Review of unusual patient care experiences is a cornerstone of medical education. Each month, the AQI-AIRS Steering Committee abstracts a patient history submitted to the Anesthesia Incident Reporting System (AIRS) and authors a discussion of the safety and human factors challenges involved. Real-life case histories often include multiple clinical decisions, only some of which can be discussed in the space available. Absence of commentary should not be construed as agreement with the clinical decisions described. Feedback regarding this article can be sent by email to firstname.lastname@example.org. Report incidents or download the AIRS mobile app at www.aqiairs.org.
2019-1: ‘Press the pedal to the metal’
An otherwise healthy 3 y/o male was receiving general anesthesia via LMA for an MRI brain/total spine/whole body … the patient was brought out of the bore slightly in preparation for removal of LMA. The staff anesthesiologist and senior resident were attending to the patient … when a new CA-1 resident brought the PACU gurney into the room. The gurney (with Drager Monitor and oxygen cylinder) got within 4 feet of the MRI core before the MRI technician noticed (both staff anesthesiologist and senior resident had their backs to the door). All staff immediately jumped into action to push the gurney back out of the MRI room before anything could be pulled into the MRI core. Despite the gurney and all items on it being unsafe for the MRI environment, nothing impacted the patient and he proceeded through the recovery process normally. Despite having had 1) hospital-mandated MRI-safe training in his intern year, 2) a cursory introductory lecture by the staff anesthesiologist in the morning before the start of any cases (about removing anything metal from on your person at the beginning of each case), and 3) working with several other pediatric patients in the MRI scanner that day (to learn the usual routine of taking the patient out of the scanner on the MRI table), the CA-1 had a momentary lapse in judgement and situational awareness. This event could have had catastrophic consequences and put the lives of three people in jeopardy (the patient, staff anesthesiologist and senior resident).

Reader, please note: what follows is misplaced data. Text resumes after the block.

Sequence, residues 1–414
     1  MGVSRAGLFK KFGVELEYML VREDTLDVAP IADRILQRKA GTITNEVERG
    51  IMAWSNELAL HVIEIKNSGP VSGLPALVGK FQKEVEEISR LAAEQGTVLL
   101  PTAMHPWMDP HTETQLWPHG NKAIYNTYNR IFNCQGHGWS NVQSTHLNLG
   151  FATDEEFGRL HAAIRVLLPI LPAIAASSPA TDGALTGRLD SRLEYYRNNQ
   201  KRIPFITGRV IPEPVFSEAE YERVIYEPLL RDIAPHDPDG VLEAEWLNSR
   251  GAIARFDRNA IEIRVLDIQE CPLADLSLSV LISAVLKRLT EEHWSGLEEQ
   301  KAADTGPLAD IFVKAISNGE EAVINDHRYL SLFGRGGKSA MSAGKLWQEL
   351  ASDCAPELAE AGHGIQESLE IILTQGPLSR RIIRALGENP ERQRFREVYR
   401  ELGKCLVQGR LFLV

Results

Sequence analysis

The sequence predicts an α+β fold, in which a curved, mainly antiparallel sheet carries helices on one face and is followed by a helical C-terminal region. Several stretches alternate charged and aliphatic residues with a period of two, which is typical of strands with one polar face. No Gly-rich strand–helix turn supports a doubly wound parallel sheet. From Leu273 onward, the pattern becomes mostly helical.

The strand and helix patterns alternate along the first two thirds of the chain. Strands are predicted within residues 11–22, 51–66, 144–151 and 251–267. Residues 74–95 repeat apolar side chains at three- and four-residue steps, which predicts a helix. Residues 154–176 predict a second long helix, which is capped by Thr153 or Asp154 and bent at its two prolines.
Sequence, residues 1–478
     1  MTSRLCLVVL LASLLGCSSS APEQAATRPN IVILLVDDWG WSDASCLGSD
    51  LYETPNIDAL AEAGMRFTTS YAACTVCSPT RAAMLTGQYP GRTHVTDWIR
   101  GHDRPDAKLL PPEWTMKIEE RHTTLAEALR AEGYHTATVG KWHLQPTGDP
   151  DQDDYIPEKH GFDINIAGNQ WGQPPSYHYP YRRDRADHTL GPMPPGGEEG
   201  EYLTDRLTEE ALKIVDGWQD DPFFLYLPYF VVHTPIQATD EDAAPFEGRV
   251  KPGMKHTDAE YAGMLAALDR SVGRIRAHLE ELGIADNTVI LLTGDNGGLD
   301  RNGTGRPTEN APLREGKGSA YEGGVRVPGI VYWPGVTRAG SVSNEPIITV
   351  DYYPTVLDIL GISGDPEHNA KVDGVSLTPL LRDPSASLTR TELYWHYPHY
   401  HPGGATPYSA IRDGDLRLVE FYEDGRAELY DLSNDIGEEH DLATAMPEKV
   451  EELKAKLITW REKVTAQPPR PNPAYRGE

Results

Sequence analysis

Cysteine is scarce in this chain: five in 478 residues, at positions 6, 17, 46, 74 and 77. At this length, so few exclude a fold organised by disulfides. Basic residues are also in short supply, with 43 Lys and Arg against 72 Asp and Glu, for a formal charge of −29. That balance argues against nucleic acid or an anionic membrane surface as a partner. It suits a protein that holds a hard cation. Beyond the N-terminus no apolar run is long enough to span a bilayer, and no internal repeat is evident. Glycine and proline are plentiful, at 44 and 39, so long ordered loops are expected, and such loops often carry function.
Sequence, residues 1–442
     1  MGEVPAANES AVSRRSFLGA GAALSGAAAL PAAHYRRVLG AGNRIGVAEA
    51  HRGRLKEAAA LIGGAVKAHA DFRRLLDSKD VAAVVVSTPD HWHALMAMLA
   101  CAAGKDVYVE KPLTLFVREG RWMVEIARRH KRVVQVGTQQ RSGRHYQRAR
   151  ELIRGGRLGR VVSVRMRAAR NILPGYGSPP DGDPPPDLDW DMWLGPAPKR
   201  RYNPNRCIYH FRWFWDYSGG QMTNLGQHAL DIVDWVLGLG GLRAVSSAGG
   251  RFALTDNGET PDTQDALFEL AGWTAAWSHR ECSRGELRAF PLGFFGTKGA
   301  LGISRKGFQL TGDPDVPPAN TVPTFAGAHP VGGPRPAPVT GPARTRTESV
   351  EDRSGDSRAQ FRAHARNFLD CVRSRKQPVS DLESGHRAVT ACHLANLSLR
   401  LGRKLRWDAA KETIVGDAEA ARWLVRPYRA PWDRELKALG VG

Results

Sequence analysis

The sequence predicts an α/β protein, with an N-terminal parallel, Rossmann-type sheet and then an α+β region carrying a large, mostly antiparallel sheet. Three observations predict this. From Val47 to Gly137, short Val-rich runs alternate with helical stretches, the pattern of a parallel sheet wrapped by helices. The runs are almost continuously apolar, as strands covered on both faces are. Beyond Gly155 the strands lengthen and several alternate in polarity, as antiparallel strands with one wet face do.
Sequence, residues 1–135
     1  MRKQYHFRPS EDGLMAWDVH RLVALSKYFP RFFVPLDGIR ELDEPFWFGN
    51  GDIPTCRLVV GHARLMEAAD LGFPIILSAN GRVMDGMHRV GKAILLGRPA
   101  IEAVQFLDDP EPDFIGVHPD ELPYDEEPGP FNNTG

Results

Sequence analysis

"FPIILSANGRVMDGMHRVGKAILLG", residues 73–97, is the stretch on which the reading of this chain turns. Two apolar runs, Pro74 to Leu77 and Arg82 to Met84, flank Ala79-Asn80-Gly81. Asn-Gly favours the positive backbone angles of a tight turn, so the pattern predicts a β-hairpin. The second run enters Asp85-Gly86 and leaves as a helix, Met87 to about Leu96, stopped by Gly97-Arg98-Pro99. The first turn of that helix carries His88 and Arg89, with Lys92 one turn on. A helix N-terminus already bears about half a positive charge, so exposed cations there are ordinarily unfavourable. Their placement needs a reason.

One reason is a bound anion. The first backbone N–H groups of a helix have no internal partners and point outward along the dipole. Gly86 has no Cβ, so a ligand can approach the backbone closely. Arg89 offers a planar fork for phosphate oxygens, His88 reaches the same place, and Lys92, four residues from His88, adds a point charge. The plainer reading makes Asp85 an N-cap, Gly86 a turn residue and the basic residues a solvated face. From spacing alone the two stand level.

It was truly fortunate that no harm came to this patient or to any of the providers. Pediatric anesthesiologists are all too familiar with these hazards, but this is often not true at adult institutions where it is uncommon to perform anesthesia in the MRI area. In this case, the unsafe situation was initiated by a member of the team who was not very familiar with the safety issues in MRI, a scenario that can occur at any institution. MRI scanning appears to be increasing across the country for several reasons. There are growing concerns regarding radiation exposure associated with CT scanning. Exposure is cumulative over one’s lifetime, and pediatric radiologists and specialists, in particular, have shifted from using CT to MRI scanning such that MRI scans are now performed more frequently than CT scans. MRI-guided procedures are commonly performed, and cardiac imagining with MRI is now a routine part of many evaluations. We are also witnessing the growth of intra-operative MRI scanning in the neurosurgical O.R.s. In other words, MRI safety should be everyone’s business.